Zoom in to 6x and the quality of the glass and clarity of the picture stays way beyond what’s expected at an MSRP of just $289.99. Unfortunately, taking photos through a scope is a bit of a trick and I struggled to show the clarity of the reticle itself. Even at full brightness, it’s completely clear with no bleeding (it would get weird through the camera lens, though).
The best I could do was this photo, showing an in-focus reticle at illumination level 8 or 9 of the 11 “on” settings, but a blurry background. This is partially due to having the diopter adjusted for my right eye’s marginal eyesight, and partially due to heavily cropping the photograph to where it’s pixelated. Anyway, other than the blur and some illumination bleed (again, the camera adds that) it’s a fairly realistic representation of what the reticle looks like at 6x in real life. That’s a consenting human target out there on the paddle board, being ranged — by a loose scope, not mounted on a firearm, for the record — at approximately 400 yards.
Odd to get most of the way through a scope review without even talking about the physical scope itself, but the ACSS reticle just steals the show. At any rate, the scope is anodized 6063 aluminum and is 10.75-inches long and weighs in at 17.4 ounces. It’s waterproof and fog resistant (nothing is fog proof), with fully multi-coated lenses, and comes with a 3-year warranty. Tube diameter is 30mm. Turrets are capped.
Click adjustments feel clean and precise, and are easily accomplished by hand on the serrated outer ring. Each click is 1/2-inch at 100 yards. The click value is 1/2 MOA. The ring with adjustment markings can be rotated independently of making actual adjustments in order to align with a zero mark on the scope body (this has not been done in the photos).
The windage adjustment turret cap hides a spare CR2032 battery. Another one comes pre-installed under the illumination turret on the left side of the scope.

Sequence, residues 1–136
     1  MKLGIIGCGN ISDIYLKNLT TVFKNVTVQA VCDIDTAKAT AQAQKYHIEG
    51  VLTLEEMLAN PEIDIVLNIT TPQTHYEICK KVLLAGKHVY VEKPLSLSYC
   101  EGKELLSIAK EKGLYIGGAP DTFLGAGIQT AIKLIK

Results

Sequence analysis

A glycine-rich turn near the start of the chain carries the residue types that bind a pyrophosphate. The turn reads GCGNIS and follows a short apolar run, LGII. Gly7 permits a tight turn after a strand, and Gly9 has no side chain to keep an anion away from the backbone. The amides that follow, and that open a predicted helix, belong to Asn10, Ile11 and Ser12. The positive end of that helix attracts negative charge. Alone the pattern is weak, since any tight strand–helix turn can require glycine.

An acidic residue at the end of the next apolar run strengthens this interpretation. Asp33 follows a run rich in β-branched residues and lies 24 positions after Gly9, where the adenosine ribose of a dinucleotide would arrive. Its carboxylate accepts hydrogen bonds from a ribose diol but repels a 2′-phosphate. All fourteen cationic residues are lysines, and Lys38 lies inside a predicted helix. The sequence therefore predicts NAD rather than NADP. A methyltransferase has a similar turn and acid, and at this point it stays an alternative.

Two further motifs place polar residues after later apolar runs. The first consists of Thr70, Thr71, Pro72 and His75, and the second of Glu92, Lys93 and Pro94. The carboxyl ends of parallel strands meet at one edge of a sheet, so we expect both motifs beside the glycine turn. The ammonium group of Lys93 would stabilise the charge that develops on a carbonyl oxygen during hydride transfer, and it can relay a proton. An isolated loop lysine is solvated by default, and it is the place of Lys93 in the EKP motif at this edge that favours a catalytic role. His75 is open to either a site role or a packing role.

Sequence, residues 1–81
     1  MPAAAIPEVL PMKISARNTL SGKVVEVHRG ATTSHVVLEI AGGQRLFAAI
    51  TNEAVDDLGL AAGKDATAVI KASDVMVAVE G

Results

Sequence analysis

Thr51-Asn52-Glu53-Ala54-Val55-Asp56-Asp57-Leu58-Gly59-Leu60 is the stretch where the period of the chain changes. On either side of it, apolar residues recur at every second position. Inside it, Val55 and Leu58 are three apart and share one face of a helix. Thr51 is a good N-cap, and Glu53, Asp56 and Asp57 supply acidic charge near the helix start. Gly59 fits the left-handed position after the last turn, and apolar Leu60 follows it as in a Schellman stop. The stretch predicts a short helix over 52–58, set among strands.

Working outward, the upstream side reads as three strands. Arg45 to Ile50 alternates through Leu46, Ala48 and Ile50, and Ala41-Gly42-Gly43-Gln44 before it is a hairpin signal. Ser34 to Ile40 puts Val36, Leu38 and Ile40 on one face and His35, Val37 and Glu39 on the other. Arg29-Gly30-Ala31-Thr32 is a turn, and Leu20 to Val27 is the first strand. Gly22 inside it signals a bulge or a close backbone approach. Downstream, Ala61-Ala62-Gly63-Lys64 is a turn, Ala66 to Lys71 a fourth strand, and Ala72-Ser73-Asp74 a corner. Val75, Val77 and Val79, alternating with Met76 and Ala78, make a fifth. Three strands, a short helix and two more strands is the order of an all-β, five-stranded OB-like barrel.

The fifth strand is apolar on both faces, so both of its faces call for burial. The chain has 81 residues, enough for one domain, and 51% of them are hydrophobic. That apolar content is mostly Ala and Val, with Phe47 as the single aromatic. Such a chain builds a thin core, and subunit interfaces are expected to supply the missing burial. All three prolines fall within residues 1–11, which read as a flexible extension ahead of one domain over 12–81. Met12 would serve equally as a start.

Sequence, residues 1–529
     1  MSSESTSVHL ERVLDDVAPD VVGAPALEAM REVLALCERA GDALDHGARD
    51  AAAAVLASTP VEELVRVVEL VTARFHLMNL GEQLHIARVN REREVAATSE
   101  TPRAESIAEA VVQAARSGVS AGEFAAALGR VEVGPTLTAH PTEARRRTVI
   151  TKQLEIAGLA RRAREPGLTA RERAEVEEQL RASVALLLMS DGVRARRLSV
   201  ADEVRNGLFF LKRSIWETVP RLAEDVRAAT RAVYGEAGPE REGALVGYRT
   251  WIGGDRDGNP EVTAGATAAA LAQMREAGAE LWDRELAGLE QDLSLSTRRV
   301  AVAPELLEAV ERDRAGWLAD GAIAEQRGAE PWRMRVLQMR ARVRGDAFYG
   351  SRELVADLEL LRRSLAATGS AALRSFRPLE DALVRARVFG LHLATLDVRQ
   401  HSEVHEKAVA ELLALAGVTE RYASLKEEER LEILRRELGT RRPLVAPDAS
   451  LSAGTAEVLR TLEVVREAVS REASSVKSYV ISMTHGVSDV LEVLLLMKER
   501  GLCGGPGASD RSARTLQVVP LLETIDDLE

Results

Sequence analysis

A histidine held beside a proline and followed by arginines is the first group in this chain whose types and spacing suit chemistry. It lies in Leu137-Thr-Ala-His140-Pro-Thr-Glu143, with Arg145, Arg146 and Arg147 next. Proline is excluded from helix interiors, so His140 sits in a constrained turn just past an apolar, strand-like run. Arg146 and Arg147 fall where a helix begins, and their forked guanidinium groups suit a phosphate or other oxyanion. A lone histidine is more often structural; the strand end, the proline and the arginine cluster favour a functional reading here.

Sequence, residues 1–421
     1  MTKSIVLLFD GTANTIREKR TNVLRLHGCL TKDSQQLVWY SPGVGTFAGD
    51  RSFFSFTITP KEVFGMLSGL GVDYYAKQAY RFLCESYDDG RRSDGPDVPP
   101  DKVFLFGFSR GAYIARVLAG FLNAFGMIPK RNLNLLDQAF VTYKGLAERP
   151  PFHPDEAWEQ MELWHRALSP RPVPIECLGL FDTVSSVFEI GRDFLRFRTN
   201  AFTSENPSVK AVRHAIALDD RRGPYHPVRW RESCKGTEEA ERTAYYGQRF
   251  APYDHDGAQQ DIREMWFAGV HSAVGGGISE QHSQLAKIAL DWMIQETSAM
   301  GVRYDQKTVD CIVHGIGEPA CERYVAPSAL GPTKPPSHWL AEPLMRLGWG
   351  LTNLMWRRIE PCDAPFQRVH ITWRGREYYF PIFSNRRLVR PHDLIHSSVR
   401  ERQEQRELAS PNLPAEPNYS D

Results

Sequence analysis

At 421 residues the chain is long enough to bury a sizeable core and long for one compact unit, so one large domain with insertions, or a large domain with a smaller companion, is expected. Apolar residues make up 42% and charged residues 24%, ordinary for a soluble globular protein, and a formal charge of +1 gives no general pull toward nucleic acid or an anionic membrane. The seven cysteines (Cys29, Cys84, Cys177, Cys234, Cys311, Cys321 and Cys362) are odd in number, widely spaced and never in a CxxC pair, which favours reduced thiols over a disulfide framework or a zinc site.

Okay, I know what you’re thinking: will this rifle scope work with my gun/ammo? Well, if it’s in 5.56/.223, 7.62×51/.308, or 5.45×39 then most likely the answer is “yes.” Above is the suggested zeroing chart to ensure that the bullet drop compensation tape works for your barrel length and/or ammo choice. The only real standouts are the suggestions to zero M193 through a 14.5″ barrel at 50 yards, to zero 75 grain and 77 grain .223 a half inch and full inch high at 100 yards, respectively, and to zero 7.62×51/.308 an inch high at 100 yards. With that done, all of the holdover distances are correct, and point of impacts are within an inch for all caliber and barrel combos listed.
On The Range
I really can’t express enough how much I love this scope. I’ve owned it for more than a year now and it has been a total rock star. On my very first range outing with it I was presented, conveniently enough, with 18-inch steel gongs at random, unmarked distances out to ~600 yards and then animal silhouettes beyond that, out to 880 yards (a half mile). With cheap .223 I absolutely crushed those gongs, ranging and engaging them near instantly. It was all too easy until a cross breeze picked up and I missed a shot. Then, watching the wild grasses, it became easy again using the wind hold dots — between half a dot and a full dot hold — to accurately compensate.
Turns out even casual familiarity with animal sizes can translate into accurate ranging with the ACSS as well, whether coyote or buffalo. I took a guess at ranging a wild boar target, estimating it at a bit shy of 750 yards, and hit it. Now, with a 6x zoom I couldn’t tell where on the target I hit it, but I definitely hit it. Taking a few more shots I confirmed a few more impacts, and on a couple of wind-induced misses the loose sand surrounding the target poofed up in a tell-tale geyser.